I'd like to thank you and the rest of the North Coast Journal staff for printing Jim McVicker's "Keep Singley Safe" letter in the June 10 edition. I haven't laughed so hard while reading the NCJ in a long time.
A white person concerned about possible breaches of agreements and/or contracts with a federally recognized Native American tribe? Absolutely classic.
In reference to the Bear River Band of the Rohnerville Rancheria - of which I am a member - Mr. McVicker proclaims in his letter, "Big business has moved to our neighborhood ...." Hilarious. Imagine how we Natives felt when Europeans - really big business! - moved to our neighborhood.
If you wouldn't mind, I would greatly appreciate it if you could forward the books I've included with this letter to Mr. McVicker. Perhaps he can peruse their contents while enjoying his Bon Boniere sundae on Native land.
After reading the books, Mr. McVicker might have "a way of seeing" things from a different perspective. Maybe, in a moment of inspiration and clarity, he could paint an interpretation of the land his house is currently on, pre-European invasion.
The books are Mr. McVicker's to keep. I suggest Mr. McVicker and the Singley Hill Homeowners Association form a reading group. History can be a wonderful and enlightening endeavor.
George Anthony Watson, Eureka
My wife and I were encouraged to see your article about the Tish Non development by the Bear River Band of Rohnerville Rancheria ("Waiting for Tish Non," June 3). As residents of Singley Hill Road since 2003, we know first-hand the effects of the casino on our neighborhood, and we were hoping for an article that would shed light as to how this extensive development was going to further impact our lives. We were grateful for the portions of the article that allowed two of our neighbors to explain how the casino has significantly altered what was once a little-used road that was inviting to bicyclists, birders and pedestrians. We also appreciate the disruption and dislocation that has affected the Bear River Band for many generations, and we hope for the best for the occupants of the new housing project.
However, I believe your writer could have provided a more complete perspective by looking at publicly available Sheriff log records that objectively show how the casino has changed the nature of life on Singley Hill. Prior to a protest hearing regarding the casino's liquor license last year, I had the opportunity to review these records for the period October 2001 through December 2008. I tallied logged items pertaining only to activities north of Bear River Drive, including the casino but not the Bear River residential area nor any activity south of Bear River Drive on Singley Hill Road.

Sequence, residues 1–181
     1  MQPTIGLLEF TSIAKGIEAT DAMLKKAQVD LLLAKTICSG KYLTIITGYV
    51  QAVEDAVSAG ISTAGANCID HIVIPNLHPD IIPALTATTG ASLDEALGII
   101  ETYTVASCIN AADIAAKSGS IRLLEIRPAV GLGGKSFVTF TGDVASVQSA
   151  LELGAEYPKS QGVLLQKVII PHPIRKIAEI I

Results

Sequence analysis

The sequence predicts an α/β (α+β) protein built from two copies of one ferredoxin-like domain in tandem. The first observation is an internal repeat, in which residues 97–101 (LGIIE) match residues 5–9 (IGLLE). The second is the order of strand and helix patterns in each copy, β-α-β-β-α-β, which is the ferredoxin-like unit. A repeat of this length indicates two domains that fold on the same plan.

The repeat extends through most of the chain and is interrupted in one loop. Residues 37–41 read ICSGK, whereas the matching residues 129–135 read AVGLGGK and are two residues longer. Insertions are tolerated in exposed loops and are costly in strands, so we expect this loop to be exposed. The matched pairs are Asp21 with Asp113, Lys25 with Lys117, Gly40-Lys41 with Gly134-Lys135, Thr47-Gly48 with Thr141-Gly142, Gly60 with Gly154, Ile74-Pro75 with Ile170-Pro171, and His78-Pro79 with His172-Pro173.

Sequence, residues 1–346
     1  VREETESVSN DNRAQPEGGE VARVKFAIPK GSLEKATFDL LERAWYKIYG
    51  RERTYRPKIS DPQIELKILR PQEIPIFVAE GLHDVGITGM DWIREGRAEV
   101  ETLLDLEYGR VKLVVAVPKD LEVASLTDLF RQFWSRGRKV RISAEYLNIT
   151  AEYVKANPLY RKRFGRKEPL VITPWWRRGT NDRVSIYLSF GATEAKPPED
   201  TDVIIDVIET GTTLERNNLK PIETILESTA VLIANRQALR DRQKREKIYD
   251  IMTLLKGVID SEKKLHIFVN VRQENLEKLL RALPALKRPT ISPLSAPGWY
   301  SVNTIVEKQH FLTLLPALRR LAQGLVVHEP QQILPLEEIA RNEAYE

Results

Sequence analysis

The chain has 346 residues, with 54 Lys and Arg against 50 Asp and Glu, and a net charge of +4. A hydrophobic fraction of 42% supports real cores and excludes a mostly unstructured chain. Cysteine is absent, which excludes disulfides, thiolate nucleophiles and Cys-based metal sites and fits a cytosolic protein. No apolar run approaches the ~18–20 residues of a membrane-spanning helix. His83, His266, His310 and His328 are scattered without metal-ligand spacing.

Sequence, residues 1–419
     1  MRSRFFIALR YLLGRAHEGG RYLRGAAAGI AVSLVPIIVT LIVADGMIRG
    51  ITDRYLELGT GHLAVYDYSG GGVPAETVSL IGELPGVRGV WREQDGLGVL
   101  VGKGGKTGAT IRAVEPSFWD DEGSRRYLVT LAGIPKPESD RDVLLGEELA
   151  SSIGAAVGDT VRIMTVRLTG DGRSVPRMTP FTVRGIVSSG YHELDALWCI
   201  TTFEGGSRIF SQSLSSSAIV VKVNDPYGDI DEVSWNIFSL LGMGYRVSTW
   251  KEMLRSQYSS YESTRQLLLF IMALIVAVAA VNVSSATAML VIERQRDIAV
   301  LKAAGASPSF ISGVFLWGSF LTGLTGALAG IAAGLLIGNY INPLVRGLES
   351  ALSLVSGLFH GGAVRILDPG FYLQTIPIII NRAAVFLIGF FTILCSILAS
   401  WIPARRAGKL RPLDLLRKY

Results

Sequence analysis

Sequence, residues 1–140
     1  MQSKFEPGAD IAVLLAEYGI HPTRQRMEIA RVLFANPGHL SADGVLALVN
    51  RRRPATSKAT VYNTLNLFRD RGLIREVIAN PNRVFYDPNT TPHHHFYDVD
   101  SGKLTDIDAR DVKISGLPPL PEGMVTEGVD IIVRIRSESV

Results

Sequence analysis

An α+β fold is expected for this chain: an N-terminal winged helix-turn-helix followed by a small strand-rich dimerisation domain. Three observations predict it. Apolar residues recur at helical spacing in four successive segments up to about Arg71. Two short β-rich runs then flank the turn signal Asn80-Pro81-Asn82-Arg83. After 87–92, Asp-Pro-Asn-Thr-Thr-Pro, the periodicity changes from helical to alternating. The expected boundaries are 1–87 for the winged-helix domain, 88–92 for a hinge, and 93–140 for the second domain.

From October 2001 to June 2005 (the casino opened in July 2005), there were 11 logged items: eight for "suspicious activity," the rest for "disturbance," "thefts/fraud" and "vandalism/prowling."
In the first six months of the casino's operation (July-December 2005), there were19 items, including two each for "narcotics" and "assault." In 2006 there were 71 logged items, including for "narcotics" (three), assault (three), "vandalism/prowling (five)," "thefts/fraud" (five), "man down" (one) and "foot pursuit" (one). In 2007 there were 68 items, including 11 "disturbances," three "assaults," seven "thefts/fraud" and five "trespass." In 2008 there were 91 items, including four "assaults," three "vandalism/prowling," three "DUIs" and one for "man down."
It's hard to argue with the figures: In the 45 months leading up to the opening of the casino, there were 11 logged items. In the 42 months afterward, there were 249.
There is a real need for a deterrent to discourage casino users from exiting the casino and traveling north on Singley Hill. It's more than a matter of the lost night sky, prevalence of litter on the road or the affected bird population -- it's a matter of protection from criminal elements that were pretty much foreign to the neighborhood before the casino came. The Bear River Band of Rohnerville agreed to erect such a deterrent when they obtained their liquor license in 2005. There is still no relief.
One more point. In the article, Marcie Jake complains about the conditions at Basayo Village. "People fightin' and drinking, drugs and the whole bit." I can only say, Welcome to the neighborhood, Marcie. Just don't expect too much of a change.
Brian Nash, Loleta
Sweet Spot: George Anthony Watson wins a Bon Boniere sundae for sending our favorite letter of the week.